As its name suggests, the tire pressure light is designed to alert drivers of current issues with the tire pressure. But that is not all; there are other things you should also keep in mind when monitoring a blinking light during long trips. Scroll down to learn more!
In this article:
What Does A Blinking Tire Pressure Light Mean? 3 Reasons
In most cases, the tire pressure light blinks due to the low tire pressure resulting from external factors like temperature changes. Otherwise, something might have gone wrong with the tire pressure sensors. You should still inspect your tire pressure when convenient to ensure it’s within the recommended range.
1. Low Pressure In The Tires
Low tire pressure is the most common reason behind a tire pressure light flashing, which occurs when the air pressure within one or more of your vehicle’s tires falls below the recommended level set by the manufacturer.
Several factors can contribute to low PSI, such as:
- Gradual Air Loss: Tires naturally lose air over time due to rubber permeability, leading to a slow decline in PSI.
- Damage or Punctures: Sharp objects on the road, like glass shards or nails, might puncture your tire and cause rapid pressure loss. In worse cases, strong impacts with the curbs or potholes can damage the rim, leading to a serious air leak.
- Valve Stem Leaks: The valve stem, which you use to pump or release air, might develop a slow leak over time due to valve damage or aging rubber components. That explains why the tire pressure keeps dropping even after proper inflation.
2. Sensor Malfunction
There are several built-in sensors in the tire pressure light designed to transmit and interpret data related to your current tire pressure. Only one malfunctioning sensor can send false alarms or inaccurate readings to the TPMS system, triggering the warning light to blink.
Below are some common sensor issues:
Each tire pressure sensor runs on a battery lasting 5 to 10 years. When the battery dies, your sensor can no longer transmit accurate pressure data to the pressure light, triggering it to blink. Since the battery and sensor are sealed together in most cases, you might have to replace the entire sensor, not just the sensor battery.
Curb strikes, potholes, manufacturing defects, or rough handling during tire service are mostly to blame for the sensor’s physical damage. Needless to say, inaccurate readings and follow-up malfunctions are inevitable, requiring a complete replacement.
All the sensors must communicate effectively with the TPMS (Tire Pressure Monitoring System) computer in the vehicle; otherwise, they can’t provide reliable data for the system.
Most communication problems stem from sudden interference, low battery power, wrong sensor installments, or other similar issues.
Unprogrammed New Sensors
Do not be surprised if even newly installed sensors fail to operate accurately; some less experienced technicians may forget to program/adjust them to your car’s current TPMS system.
Fortunately, the issue is easy to fix; just ask the tire service provider to reprogram the sensors for you, or do it yourself if you have experience.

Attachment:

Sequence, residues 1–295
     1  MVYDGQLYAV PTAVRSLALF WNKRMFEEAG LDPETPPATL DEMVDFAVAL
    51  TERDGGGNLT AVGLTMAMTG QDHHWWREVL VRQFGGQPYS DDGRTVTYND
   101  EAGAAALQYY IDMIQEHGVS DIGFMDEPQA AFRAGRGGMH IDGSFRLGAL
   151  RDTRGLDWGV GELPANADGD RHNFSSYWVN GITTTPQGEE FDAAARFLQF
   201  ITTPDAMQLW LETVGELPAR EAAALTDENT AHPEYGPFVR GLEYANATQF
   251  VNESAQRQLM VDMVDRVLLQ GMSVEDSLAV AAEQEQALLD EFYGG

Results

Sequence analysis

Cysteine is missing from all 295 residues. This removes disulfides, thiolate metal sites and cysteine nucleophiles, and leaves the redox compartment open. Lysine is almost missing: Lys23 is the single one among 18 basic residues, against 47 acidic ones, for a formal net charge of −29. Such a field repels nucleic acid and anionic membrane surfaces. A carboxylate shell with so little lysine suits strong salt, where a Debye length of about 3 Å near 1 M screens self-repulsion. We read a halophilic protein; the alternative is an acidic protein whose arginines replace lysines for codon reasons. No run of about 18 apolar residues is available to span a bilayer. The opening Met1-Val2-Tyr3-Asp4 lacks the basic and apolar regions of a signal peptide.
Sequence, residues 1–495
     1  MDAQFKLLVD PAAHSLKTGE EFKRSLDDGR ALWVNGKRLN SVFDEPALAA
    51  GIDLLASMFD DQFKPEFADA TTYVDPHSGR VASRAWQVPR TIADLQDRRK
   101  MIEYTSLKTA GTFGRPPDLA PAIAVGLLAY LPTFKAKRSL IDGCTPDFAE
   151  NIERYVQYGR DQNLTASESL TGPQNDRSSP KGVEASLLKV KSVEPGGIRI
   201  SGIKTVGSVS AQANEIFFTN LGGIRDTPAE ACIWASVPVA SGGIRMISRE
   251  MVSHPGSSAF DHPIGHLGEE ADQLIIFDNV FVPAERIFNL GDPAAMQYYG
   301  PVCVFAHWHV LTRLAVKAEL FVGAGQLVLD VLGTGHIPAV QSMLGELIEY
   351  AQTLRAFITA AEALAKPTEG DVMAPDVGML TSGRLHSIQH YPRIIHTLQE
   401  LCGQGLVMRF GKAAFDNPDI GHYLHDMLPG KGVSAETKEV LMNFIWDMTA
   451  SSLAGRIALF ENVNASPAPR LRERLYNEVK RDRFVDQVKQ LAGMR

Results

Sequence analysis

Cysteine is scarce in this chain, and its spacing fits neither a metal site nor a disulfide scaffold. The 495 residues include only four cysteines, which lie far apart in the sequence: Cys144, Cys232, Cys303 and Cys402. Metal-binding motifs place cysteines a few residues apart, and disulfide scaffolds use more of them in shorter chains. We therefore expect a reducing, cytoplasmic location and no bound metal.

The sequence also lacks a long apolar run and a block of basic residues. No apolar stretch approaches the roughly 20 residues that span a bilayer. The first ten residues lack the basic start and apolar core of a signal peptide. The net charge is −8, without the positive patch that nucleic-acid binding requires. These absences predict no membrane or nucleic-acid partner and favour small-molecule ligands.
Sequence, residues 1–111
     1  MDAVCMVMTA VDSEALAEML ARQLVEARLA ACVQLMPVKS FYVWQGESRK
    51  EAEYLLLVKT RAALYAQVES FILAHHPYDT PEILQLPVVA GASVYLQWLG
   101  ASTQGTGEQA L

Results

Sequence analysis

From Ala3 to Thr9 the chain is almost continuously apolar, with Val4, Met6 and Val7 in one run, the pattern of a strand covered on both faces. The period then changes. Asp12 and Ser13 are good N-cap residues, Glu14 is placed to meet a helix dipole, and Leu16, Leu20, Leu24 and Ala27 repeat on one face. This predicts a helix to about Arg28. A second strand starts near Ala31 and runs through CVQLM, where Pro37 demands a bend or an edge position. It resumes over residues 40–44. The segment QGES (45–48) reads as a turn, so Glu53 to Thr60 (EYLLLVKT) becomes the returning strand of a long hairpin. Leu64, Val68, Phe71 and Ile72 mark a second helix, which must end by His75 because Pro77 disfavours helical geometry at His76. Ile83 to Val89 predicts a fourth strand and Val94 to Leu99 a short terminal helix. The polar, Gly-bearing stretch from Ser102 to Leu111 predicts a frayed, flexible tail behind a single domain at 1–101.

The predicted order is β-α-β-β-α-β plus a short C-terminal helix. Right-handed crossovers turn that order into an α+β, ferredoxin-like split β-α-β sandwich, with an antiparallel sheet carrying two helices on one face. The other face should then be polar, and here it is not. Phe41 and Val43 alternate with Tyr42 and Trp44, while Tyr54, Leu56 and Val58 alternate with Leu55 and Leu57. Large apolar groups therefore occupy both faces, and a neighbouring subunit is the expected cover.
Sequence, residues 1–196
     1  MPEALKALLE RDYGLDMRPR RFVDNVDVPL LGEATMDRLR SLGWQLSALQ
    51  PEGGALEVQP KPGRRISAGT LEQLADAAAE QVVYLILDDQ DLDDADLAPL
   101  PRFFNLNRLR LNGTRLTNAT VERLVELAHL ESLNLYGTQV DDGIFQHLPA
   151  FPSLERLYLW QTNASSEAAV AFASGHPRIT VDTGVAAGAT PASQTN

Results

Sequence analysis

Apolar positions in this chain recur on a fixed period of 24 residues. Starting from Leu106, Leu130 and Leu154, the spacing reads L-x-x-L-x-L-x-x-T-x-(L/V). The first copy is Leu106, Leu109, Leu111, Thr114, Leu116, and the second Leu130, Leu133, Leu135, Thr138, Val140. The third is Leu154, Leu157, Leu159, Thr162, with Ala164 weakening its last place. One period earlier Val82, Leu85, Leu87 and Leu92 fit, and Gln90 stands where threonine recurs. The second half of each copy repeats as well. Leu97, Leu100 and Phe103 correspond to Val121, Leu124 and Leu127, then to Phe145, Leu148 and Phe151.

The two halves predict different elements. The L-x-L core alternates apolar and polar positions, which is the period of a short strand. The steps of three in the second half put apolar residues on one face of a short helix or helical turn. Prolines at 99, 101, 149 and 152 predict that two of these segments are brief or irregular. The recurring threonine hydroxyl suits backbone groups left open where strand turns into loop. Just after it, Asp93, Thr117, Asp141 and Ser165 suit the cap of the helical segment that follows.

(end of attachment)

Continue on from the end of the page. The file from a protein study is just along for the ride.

3. Temperature-Related Fluctuations
Although it’s common for tire pressure to change with temperature, extreme fluctuations might be alarming.
For example, if you park your vehicle in a warm garage and then drive out into extremely cold conditions, the rapid temperature change causes a sudden drop in tire pressure, resulting in temporary underinflation. The same applies to quick transitions from a cold garage to hot summer temperatures, which trigger a sharp rise in PSI.
Due to all these rapid and unpredictable fluctuations, the pressure light keeps blinking rapidly, urging drivers to pay more attention to their driving conditions.
Differences Between Solid and Flashing Tire Pressure Light
A solid-colored light indicates the tire pressure is below the recommended PSI – a serious problem that might dampen your road handling if not addressed immediately.
Meanwhile, the flashing light mostly hints at gradual pressure losses, temperature fluctuations, or something wrong with the TPMS system (e.g., faulty sensors, low batteries, etc.). In any case, you need to inspect and fix the problem as soon as possible.
What To Do
First, check your current tire pressure and inflate it to the manufacturer’s recommended level; avoid overinflating at all costs. Check if the TPMS sensors run out of battery or are physically damaged and replace them.
And what if the tire light is still activated? Reset it:
- Drive at 50 mph for 10 minutes, then turn the key to “on” (engine off)
- Press and hold the TPMS reset button until the light blinks three times, then start the car and let it run for 20 minutes.
- If needed, consult your vehicle’s manual to find the reset button.
What Happens If I Keep Driving Without Fixing It
If you are lucky, the car will keep running without issues when the main problem lies in the malfunctioning sensors, not the tires themselves. But in the worst-case scenario, continuing driving can entail a tire blowout, loss of control, and even deadly accidents.
You can still drive with a blinking tire pressure light but remember not to leave the issue hanging for too long.
Monitor the PSI frequently (especially during long trips) to prepare for sudden temperature changes. If the sensors and the tires are working fine, consider resetting the light using your manual.